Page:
Mid-Century Modern Plant Stand

About: I am a father, woodworker, maker DIYer and video creator.

The mid-century modern style was heavily influenced by Scandinavian architects at the time and focused on simplicity, democratic design and natural shapes. This plant stand is a simple build that reflects that style. I use it to create interesting levels for all my plants and I think it adds a bit of beauty to my home.

Supplies:

- Wood (minimum 35"x5"x3/4" potentially more/less if you modify the dimensions to suit your needs)

- Table Saw (I use a vintage Craftsman, but pretty much any brand will do)

- 10" Ripping Blade for table saw

- 6" Dado Stack for table saw

- Speed Square

- Pencil

- Random Orbit Sander

- Sanding Discs

- Wood glue

- Clamps

- Finish (I use Watco teak oil, but any type of finish can be used)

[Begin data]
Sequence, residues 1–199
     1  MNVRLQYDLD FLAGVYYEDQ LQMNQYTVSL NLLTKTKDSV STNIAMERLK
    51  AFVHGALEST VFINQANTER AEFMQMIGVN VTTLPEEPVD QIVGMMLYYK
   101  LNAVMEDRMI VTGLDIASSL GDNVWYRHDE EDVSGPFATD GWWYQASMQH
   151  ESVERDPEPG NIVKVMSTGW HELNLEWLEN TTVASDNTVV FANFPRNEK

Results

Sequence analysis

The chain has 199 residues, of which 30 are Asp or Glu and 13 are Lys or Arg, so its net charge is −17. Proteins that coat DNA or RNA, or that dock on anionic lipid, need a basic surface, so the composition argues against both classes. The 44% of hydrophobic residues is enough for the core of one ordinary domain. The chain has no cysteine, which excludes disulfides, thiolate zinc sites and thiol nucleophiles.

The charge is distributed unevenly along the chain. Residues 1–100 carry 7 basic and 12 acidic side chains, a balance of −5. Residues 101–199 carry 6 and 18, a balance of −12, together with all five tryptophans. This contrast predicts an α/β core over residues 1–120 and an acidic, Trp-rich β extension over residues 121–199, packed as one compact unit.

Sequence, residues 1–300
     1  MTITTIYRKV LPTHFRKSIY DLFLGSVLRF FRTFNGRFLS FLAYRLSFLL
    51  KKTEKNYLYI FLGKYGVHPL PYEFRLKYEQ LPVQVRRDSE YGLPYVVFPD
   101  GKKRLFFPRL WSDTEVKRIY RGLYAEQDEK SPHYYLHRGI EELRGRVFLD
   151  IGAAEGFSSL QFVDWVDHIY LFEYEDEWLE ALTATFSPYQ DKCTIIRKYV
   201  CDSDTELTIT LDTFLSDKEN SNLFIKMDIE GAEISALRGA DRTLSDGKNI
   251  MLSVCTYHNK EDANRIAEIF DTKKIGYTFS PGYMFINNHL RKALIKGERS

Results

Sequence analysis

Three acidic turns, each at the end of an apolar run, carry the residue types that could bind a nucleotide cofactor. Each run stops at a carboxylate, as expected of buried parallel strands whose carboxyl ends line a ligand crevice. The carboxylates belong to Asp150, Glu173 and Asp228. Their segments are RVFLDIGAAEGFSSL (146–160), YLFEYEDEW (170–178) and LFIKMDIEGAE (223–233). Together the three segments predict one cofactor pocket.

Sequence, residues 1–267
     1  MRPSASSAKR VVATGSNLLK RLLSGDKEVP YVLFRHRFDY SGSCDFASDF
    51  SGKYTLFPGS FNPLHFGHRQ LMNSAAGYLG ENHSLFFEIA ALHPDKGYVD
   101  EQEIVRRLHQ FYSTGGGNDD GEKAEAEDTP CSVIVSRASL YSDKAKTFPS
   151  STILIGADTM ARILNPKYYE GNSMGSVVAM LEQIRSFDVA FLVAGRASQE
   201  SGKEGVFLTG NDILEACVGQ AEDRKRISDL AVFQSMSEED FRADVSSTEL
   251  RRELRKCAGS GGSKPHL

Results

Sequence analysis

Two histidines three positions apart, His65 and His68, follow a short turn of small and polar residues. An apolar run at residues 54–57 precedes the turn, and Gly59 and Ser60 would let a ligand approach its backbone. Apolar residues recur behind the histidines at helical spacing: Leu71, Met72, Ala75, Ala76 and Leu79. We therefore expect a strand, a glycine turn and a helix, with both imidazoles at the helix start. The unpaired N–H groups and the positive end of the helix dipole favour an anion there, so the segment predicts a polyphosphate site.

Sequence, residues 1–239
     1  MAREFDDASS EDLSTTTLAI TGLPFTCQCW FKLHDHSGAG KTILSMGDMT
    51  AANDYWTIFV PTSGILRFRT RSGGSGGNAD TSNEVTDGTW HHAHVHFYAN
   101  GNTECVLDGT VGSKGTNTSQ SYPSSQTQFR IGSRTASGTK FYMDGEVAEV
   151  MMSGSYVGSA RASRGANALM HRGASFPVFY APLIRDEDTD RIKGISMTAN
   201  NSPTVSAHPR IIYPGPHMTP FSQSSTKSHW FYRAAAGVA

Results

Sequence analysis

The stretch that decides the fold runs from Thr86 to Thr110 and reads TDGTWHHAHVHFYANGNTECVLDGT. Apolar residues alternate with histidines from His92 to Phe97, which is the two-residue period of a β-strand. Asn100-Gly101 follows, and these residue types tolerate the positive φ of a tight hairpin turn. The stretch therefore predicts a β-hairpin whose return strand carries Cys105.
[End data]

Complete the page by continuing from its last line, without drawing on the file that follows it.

Note: The links above are affiliate links, meaning, at no additional cost to you, I may earn a commission if you click through and make a purchase.

Teacher Notes

Teachers! Did you use this instructable in your classroom?
Add a Teacher Note to share how you incorporated it into your lesson.

Step 1: Choosing the Materials

You can easily make this plant stand from material bought at any of the big box stores, as they sell domestic wood already surfaced at 3/4" thick. In the stores near my house, they sell Oak, Maple, Poplar and Pine.